Maurice RAVEL (1875-1937)
Gaspard de la Nuit [22:17]
Robert SCHUMANN (1810-1856)
Symphonic Etudes, op. 13 [24:56]
Béla BARTÓK (1881-1945)
Out Of Doors, Sz. 81 [14:49] *
Beatrice Rana (piano)
rec. between 24 May and 9 June 2013, Bass Performance Hall, Fort Worth, Texas. USA
Ravel reviewed as download.
* Not reviewed.
HARMONIA MUNDI HMU 907606 [62:02]
This is a quick review of one work from Beatrice Rana’s debut recital on Harmonia Mundi: I felt that I wasn't not familiar enough with the Schumann and Bartok to feel qualified reviewing them.
Rana’s Gaspard de la Nuit begins with a fairly speedy Ondine. It’s a little imprecise in the first few pages, but builds up powerfully, and in the moments after the big climax Rana has a great command of the sound-effects describing the splash of the water. In Le Gibet the tolling bells are very well-commanded indeed - as consistent as can be. They toll gently, and Rana doesn’t alter this throughout, so at times the tolling of the bells become inaudible behind the melody, only to rise out of the mists again. The result is insistence, but of a patient, ominous sort, like a film villain who waits to be noticed in the background of the scene.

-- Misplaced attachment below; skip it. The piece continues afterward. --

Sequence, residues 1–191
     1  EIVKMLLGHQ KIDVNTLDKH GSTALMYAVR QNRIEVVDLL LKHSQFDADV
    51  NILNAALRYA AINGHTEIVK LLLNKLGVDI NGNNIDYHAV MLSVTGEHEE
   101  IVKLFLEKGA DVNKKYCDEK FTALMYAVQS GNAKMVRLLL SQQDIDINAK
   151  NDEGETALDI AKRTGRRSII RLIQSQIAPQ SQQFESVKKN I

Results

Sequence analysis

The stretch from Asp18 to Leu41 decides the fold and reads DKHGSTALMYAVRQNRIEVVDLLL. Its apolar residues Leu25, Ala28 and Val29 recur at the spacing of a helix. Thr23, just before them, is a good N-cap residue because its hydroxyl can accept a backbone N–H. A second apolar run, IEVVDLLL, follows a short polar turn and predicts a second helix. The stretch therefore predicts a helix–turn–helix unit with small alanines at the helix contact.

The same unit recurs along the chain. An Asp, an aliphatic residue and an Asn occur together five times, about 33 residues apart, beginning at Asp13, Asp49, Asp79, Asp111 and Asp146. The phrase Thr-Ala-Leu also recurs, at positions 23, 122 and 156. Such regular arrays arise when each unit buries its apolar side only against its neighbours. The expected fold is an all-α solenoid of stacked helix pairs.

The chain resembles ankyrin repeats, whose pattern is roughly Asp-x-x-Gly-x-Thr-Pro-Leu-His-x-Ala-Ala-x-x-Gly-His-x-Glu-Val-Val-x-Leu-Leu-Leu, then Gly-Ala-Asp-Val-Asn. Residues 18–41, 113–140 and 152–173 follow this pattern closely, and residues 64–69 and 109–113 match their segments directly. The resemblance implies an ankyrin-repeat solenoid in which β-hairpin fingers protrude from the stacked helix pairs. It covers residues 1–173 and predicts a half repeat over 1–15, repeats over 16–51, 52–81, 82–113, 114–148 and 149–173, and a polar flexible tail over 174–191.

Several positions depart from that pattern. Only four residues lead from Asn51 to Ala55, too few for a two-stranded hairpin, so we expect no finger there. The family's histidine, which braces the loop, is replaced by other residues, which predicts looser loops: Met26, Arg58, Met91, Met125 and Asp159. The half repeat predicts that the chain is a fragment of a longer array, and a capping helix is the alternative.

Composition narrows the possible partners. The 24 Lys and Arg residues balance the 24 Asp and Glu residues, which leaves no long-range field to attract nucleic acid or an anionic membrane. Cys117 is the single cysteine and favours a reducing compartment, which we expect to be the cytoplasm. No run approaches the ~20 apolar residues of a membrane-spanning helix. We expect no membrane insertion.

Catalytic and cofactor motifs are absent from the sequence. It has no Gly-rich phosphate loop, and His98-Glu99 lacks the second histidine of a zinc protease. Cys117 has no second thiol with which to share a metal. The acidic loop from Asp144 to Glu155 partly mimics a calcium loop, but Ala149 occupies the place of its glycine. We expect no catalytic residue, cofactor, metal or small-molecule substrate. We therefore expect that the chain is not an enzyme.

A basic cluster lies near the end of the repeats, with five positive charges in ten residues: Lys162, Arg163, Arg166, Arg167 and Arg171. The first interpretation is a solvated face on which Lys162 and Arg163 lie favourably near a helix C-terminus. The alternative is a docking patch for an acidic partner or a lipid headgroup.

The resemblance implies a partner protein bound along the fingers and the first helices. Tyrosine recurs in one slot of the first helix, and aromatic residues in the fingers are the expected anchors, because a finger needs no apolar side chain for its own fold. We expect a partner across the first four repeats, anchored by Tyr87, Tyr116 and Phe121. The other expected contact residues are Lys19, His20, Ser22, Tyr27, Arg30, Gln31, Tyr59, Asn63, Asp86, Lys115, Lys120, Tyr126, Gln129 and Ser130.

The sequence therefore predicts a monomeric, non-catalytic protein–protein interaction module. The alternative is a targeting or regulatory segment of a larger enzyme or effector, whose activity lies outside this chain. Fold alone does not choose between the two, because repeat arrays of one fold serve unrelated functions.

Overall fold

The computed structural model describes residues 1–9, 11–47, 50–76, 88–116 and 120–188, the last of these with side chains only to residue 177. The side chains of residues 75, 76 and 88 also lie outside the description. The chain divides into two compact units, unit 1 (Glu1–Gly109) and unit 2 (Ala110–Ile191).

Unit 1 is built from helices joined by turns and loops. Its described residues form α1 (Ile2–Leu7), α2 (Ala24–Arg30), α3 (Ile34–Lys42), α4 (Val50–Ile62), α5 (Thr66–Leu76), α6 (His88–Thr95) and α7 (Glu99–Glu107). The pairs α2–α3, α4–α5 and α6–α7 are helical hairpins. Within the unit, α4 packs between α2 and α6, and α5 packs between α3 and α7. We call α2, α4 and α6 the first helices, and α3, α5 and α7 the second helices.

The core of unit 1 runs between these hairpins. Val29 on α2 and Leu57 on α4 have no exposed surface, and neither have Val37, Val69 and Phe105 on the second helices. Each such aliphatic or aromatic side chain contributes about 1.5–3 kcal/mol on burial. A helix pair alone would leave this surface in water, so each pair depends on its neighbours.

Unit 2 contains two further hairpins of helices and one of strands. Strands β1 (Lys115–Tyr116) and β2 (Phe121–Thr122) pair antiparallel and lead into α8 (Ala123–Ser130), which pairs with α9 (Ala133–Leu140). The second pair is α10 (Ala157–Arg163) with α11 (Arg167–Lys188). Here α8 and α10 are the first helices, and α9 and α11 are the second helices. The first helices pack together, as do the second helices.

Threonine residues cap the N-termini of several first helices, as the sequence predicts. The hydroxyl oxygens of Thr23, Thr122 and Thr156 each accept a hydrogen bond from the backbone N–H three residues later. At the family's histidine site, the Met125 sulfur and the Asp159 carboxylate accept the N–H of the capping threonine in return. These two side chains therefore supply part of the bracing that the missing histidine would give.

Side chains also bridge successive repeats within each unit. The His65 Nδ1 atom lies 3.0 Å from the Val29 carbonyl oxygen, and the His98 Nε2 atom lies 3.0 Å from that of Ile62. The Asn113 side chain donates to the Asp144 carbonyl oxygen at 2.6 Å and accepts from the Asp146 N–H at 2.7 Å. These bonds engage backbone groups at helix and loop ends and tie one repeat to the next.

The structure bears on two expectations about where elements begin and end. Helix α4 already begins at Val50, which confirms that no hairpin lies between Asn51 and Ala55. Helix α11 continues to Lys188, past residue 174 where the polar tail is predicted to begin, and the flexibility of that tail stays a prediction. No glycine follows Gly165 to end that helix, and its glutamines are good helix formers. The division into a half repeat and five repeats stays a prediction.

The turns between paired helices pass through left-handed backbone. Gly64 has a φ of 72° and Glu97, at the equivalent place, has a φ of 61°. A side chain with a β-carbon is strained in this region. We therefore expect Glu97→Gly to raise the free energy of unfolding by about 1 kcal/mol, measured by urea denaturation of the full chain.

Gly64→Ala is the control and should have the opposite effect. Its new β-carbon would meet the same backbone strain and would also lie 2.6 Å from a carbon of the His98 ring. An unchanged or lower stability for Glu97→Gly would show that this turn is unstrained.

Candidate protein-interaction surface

Scarbo is another dazzling account. Well, maybe dazzling isn’t the right word: it’s not a wild and crazy demon-party like Pogorelich, but still oozing menace and primitive terror. There’s a bass note at 4:53 - I kept playing it over and over - which booms out with the force of a bass drum. Maybe the central section is a little too much of a reprieve from the spooky atmosphere, and maybe Rana’s fingers run amiss twice, but really, it’s Scarbo and if you only botch a couple of chords you’re a magician already, especially in the context of such a good overall interpretation.
This is a live recording from the Van Cliburn competition, in which Beatrice Rana took the silver medal. Given how good Beatrice Rana’s Ravel is, she probably plays everything on the album exceptionally. What an exciting 20-year-old pianist.